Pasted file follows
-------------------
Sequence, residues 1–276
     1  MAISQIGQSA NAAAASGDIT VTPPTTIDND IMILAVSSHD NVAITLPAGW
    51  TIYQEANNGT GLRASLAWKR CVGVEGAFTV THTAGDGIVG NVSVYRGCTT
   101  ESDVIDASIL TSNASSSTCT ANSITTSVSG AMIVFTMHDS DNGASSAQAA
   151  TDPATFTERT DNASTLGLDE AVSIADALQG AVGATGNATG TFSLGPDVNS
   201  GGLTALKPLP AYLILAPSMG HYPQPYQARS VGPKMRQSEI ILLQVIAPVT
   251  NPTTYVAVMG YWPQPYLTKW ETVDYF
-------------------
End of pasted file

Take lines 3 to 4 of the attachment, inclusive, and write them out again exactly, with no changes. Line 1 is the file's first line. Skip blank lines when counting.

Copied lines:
    51  TIYQEANNGT GLRASLAWKR CVGVEGAFTV THTAGDGIVG NVSVYRGCTT
   101  ESDVIDASIL TSNASSSTCT ANSITTSVSG AMIVFTMHDS DNGASSAQAA